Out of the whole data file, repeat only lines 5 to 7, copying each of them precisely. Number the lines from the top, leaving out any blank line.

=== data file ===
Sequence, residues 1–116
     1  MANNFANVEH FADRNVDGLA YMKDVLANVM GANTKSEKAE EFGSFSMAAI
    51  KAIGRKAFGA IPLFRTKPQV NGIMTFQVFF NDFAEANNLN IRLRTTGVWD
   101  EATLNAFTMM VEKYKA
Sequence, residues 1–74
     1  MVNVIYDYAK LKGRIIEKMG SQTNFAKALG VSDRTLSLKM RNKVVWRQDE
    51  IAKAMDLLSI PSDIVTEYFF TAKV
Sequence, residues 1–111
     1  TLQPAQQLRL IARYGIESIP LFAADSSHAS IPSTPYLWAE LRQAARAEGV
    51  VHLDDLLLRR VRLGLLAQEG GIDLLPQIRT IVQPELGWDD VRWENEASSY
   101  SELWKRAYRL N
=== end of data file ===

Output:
Sequence, residues 1–74
     1  MVNVIYDYAK LKGRIIEKMG SQTNFAKALG VSDRTLSLKM RNKVVWRQDE
    51  IAKAMDLLSI PSDIVTEYFF TAKV